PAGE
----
Single site recurrent ulcerations are commonly caused by trauma where the origin has persisted. This may also be an indication that ulceration is self-inflicted (figure 5) or caused by foreign bodies entering the oral cavity. This may be seen in patients with learning difficulties or Pica, where patients attempt to consume non-food items which may be damaging to the mucosa.

Figure 5

Oral ulceration as a result of self-injurious behaviour in a patient with autism. Patient is known to regularly ‘itch’ gums.

Recurrent ulceration at variable sites can be more challenging to diagnose and again relies on a thorough history. Removal of the cause should prevent recurrence of the ulcer. For children where Pica is suspected, support can be sought from a paediatrician.

Recurrent aphthous stomatitis

Recurrent aphthous stomatitis (RAS) is a common diagnosis affecting 20% of the population and typically presents in childhood (figure 6).7 RAS is likely the result of T-cell immune mediated dysfunction, with a genetic component of up to 46% of cases having a family history of the condition.8 Most cases are idiopathic but can be exacerbated by underlying factors including hormonal changes, stress, anaemia/haematinic deficiencies (eg, iron, folate, B12) and oral sensitivities to products (eg, sodium lauryl sulfate (SLS), a foaming agent found in many toiletries such as toothpaste) or foods (such as cinnamon).

Figure 6

Recurrent apthous ulceration. (A) Major apthous ulcer on lateral aspect of the tongue. (B) Minor apthous ulcer on lower labial mucosa.

Three variants of RAS exist and are outlined in table 2, the minor form is the most common presentation in children. Herpetiform is characterised by recurrent crops of small multiple ulcers. Unlike the name suggests, these ulcers are not of viral origin.

Table 2

Clinical variants of recurrent aphthous stomatitis (RAS)19

Orofacial granulomatosis

Orofacial granulomatosis (OFG) is a chronic inflammatory condition characterised by facial (often lip) swelling and oral ulceration with a typical ‘cobblestoning’ appearance of the oral mucosa (figure 7).9 OFG can be linked to Crohn’s disease and some patients will present with GI symptoms. If there are features of anorexia, weight loss, abdominal symptoms such as change in bowel habit or chronic diarrhoea, consider inflammatory bowel disease or coeliac disease.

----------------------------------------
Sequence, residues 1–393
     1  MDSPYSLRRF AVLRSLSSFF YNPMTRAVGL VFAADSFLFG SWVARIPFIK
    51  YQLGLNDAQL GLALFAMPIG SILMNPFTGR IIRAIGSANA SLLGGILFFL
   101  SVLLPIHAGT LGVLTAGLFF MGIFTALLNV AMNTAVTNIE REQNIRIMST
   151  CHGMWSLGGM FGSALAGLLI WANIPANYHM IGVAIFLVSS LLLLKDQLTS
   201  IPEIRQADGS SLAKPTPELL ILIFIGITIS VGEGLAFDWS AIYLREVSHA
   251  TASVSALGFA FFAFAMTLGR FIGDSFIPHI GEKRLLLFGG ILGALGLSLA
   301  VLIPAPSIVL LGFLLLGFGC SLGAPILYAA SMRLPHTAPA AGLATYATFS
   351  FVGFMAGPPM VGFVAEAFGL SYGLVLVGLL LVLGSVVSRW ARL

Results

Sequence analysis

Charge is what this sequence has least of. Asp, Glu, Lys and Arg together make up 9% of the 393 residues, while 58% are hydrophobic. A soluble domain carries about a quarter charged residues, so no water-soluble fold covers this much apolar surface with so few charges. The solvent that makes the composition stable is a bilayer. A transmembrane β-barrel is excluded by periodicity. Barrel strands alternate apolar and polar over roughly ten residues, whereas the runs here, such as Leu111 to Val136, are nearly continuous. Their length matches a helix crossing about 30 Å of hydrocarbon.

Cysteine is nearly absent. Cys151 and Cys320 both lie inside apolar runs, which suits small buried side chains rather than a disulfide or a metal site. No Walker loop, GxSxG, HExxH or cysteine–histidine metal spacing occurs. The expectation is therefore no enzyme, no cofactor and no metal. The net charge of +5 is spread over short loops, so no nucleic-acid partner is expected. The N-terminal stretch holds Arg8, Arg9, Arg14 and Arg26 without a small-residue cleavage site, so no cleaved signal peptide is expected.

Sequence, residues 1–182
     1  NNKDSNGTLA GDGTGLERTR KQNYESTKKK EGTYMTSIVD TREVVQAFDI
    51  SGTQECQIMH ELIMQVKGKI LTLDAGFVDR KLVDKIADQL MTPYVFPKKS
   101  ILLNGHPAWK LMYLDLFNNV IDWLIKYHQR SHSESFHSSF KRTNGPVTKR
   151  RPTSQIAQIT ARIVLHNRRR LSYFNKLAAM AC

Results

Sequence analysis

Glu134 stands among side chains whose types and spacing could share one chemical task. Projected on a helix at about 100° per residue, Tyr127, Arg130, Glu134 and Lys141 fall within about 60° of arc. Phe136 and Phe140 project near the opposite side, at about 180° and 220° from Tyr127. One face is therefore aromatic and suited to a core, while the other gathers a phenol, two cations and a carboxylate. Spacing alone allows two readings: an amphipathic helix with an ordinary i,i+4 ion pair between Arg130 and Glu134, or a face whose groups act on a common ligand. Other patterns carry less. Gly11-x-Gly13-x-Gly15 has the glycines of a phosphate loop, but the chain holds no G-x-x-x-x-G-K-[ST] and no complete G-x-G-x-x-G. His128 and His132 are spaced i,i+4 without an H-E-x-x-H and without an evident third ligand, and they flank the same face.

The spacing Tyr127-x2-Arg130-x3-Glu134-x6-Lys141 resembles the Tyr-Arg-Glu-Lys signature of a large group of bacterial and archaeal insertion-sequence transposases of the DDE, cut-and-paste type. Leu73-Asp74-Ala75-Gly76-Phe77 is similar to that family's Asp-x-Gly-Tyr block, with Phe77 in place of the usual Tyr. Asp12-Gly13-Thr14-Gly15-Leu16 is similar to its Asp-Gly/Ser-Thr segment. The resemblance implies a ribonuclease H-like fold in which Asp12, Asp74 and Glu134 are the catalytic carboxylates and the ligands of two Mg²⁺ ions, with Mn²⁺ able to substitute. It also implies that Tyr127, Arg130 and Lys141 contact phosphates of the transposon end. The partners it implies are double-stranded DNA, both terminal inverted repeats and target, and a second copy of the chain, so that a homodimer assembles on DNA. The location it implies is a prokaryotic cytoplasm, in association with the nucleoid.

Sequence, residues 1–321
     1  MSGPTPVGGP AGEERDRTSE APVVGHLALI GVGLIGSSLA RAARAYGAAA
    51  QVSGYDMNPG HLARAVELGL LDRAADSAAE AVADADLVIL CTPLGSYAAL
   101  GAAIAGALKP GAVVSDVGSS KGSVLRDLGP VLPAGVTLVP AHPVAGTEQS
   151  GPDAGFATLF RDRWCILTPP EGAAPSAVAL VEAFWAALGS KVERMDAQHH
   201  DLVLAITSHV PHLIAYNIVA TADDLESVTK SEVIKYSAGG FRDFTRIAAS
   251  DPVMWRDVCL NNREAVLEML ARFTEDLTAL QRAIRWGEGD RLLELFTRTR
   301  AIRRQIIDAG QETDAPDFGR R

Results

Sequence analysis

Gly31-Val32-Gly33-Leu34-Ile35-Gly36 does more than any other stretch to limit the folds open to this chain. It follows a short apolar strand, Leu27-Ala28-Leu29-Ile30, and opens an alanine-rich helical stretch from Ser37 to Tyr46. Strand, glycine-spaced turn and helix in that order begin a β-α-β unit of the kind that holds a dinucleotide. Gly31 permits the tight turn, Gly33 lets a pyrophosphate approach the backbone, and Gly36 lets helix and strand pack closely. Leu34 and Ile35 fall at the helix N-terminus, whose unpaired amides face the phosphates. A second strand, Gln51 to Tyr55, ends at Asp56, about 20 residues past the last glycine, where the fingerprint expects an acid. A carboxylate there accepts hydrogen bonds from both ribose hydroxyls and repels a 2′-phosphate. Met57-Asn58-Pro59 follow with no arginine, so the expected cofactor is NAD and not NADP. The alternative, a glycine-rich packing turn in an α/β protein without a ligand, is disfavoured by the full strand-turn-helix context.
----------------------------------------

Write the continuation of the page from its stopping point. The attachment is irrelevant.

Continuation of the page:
Figure 7

Oral features of orofacial granulomatosis. (A) Oral ulceration. (B) Lip swelling and crusting.

A diagnosis of OFG can be made with the presence of the clinical features described and a lip biopsy may be considered, confirming the presence of non-caseating granulomas. While the exact cause of OFG is unknown, exacerbation can be linked to sensitivities, most commonly benzoates and cinnamaldehyde.10 Starting an exclusion diet can help to relieve symptoms and allergy testing may confirm sensitivities. Hygiene products and toothpastes containing cinnamon and benzoates should be eliminated.


Recurrent oral ulceration can be an indication of immunosuppression (figure 8). If immunocompromised or undergoing chemotherapy or radiotherapy, oral mucositis (pain and sloughing of the oral mucosa) may present. Management focuses on symptom relief and we would advise liaising with the patient’s Oncology team.

Figure 8

Oral ulceration due to aspergillus infection in an immunocompromised child.

Immunocompromised patients may present with prolonged healing of existing ulceration or more frequent episodes of recurrent ulceration, such as RAS. Candida and gingival inflammation may also be present.11

Acute lymphoblastic leukaemia is a more prevalent neoplastic presentation in children. Sixty-five per cent of patients with leukaemia present with oral symptoms; however, this is not commonly ulceration.12 Initial oral presentation can include pale mucosa, gingival overgrowth and bleeding from the gums.13

Lichen planus

Oral lichen planus (OLP) is a less common presentation of oral ulceration in children. OLP is a chronic, inflammatory disease of the skin and mucous membranes.14 Classically, a white surface appearance occurs which is caused by keratinocyte hyperproliferation as a result of chronic inflammation (figure 9).15 Lesions may also present on the scalp, skin, genitalia and nails. If present, pain is often exacerbated by spicy foods and sodium laurly sulfate. Patients will require referral to oral medicine.

Figure 9

Patient presenting with oral lichen planus of the buccal mucosa.

Example case 3

A 14-year-old child presents with a history of painful recurrent oral ulcers. Ulcers vary in location with approximately 4–5 mm diameter. They last on average 7 days, mainly occurring during examination periods. Mum had similar lesions as a child. It is likely RAS (figure 10).

Table 3 provides a summary of some of the causes of oral ulceration in children along with their associated factors (table 3).

Table 3

Summary of some causes of ulceration in children and their associated factors3 ,4 ,5 ,9

Figure 10

Recurrent aphthous stomatitis can be seen to affecting the tongue.


Diagnosis of oral ulceration is primarily based on clinical presentation. To reach a diagnosis and determine management, history and examination should be supported by photographs, ulcer and pain diaries.

Clinical investigation beyond a thorough history should be carefully considered. Where there appears to be a systemic cause, blood tests including FBC, haematinics and inflammatory markers could provide valuable information to influence management. Where a local or self-limiting cause is suspected, this information is unlikely to alter management.

Some presentations would benefit from input from other specialities with more specialised investigation for example, biopsy, immunofluorescence. These should only be requested on the instruction of the associated specialty.